WASHINGTON, Oct. 25 (UPI) -- The Obama administration is mulling whether an anthrax vaccine meant to protect against a bioterrorism attack should be tested on U.S. children, officials say.
Although an anthrax vaccine has been tested in more than 2.6 million adults in the U.S. military, it has not been tested in healthy children for safety, dosage or effectiveness. Some argue it would be difficult to justify testing simply on the hypothetical possibility that there might be an attack, The Washington Post reported Monday.
A working panel of the National Biodefense Science Board last month recommended going forward with testing on children rather than wait for a an attack and then giving the vaccine to millions and collect data. The full federal advisory board is to meet Friday to vote on it.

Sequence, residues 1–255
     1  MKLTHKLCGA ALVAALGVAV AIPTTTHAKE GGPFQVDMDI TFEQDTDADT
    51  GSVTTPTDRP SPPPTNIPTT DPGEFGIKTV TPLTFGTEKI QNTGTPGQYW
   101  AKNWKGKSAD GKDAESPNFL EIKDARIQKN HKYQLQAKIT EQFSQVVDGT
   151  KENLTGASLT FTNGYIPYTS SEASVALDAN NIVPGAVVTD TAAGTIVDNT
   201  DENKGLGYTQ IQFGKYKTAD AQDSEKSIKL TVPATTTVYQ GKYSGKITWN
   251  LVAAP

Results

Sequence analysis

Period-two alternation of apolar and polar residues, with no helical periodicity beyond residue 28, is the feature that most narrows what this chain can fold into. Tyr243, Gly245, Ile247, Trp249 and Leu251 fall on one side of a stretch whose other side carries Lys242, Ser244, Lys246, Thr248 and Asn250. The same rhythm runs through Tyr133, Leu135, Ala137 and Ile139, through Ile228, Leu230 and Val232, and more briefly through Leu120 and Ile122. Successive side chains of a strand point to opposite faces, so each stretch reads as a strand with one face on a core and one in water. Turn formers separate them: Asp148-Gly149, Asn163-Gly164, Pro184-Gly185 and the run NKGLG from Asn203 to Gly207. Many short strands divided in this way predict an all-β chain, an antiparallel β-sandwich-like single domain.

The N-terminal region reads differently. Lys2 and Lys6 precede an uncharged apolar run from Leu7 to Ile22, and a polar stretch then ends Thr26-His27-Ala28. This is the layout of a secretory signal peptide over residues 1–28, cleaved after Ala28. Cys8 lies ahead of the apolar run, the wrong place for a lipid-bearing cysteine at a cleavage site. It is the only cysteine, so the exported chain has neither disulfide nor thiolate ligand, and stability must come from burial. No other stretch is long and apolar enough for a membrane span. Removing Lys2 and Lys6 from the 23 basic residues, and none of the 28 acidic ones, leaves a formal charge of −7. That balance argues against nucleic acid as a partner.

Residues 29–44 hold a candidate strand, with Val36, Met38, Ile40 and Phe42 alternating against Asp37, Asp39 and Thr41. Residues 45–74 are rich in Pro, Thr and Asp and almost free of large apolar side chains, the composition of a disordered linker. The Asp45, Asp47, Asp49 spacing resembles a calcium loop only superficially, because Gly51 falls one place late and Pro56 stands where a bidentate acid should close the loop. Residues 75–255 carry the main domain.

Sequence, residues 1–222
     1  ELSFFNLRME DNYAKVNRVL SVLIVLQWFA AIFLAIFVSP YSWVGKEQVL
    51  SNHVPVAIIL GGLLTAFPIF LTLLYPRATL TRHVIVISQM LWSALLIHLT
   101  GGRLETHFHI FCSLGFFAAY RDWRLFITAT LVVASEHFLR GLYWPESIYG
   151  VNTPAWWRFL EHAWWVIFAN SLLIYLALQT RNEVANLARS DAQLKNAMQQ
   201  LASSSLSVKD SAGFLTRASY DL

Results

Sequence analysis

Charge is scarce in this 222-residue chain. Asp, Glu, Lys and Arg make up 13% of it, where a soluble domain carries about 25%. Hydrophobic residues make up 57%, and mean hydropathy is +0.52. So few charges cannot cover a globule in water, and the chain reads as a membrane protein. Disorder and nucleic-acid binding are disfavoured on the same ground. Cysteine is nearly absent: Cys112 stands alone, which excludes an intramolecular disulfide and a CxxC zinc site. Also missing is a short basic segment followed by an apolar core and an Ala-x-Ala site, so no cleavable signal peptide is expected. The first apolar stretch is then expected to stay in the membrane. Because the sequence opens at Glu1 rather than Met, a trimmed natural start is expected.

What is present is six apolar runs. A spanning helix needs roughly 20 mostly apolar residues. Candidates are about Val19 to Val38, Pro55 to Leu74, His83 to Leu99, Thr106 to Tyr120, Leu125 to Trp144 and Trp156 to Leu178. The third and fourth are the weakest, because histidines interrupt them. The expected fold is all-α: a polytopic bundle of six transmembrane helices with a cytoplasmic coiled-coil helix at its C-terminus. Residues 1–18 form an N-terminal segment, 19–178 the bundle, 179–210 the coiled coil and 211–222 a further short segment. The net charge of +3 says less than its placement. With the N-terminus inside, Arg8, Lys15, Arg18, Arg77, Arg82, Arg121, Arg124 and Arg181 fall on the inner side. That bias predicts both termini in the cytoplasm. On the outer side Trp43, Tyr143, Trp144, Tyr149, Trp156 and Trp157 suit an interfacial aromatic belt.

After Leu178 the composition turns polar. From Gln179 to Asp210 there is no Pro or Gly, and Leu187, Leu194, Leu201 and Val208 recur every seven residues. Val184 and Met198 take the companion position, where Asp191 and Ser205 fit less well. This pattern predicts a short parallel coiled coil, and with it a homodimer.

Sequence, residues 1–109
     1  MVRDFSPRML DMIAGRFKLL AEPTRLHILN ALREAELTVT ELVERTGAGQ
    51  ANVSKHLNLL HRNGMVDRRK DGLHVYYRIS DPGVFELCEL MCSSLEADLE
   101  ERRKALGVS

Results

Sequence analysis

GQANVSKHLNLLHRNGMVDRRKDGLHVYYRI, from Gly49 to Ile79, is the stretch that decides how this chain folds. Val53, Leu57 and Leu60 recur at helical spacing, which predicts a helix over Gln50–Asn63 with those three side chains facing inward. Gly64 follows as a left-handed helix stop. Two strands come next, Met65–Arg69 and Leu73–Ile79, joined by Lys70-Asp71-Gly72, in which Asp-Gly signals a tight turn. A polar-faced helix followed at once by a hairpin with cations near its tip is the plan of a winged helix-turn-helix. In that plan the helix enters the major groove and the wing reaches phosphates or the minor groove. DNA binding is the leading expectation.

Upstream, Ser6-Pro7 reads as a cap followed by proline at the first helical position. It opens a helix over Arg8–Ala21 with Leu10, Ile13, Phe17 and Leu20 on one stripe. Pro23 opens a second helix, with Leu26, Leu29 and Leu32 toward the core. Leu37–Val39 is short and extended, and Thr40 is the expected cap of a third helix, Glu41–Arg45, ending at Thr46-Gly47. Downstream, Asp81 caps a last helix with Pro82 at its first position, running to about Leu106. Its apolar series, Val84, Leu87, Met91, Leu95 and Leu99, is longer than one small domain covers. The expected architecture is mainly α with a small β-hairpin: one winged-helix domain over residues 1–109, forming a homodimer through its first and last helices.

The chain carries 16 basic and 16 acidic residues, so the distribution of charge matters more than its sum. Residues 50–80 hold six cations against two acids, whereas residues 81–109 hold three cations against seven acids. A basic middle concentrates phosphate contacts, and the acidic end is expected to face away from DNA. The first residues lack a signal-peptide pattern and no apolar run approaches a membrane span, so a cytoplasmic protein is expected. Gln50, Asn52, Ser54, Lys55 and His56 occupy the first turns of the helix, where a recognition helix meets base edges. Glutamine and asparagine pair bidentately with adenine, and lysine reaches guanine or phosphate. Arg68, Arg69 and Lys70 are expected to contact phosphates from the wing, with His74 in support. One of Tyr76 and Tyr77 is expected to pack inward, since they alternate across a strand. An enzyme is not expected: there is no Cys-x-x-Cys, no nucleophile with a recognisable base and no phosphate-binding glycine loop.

Anthrax is caused by a toxin-producing bacteria long considered a bioterrorist's likely choice because it is relatively easy to produce and distribute over a large area, the Post said.
In 1998, the Pentagon began a military anthrax immunization program that was challenged in court over questions about the vaccine's safety and reliability.
"There is a lot of skepticism on the part of the public about vaccines in general," Nicole Lurie, the assistant secretary in charge of bioterrorism at the Department of Health and Human Services, told the Post. "If you had a situation where a vaccine has never been given to a child, it's pretty hard to think what you could say to people about its safety and efficacy."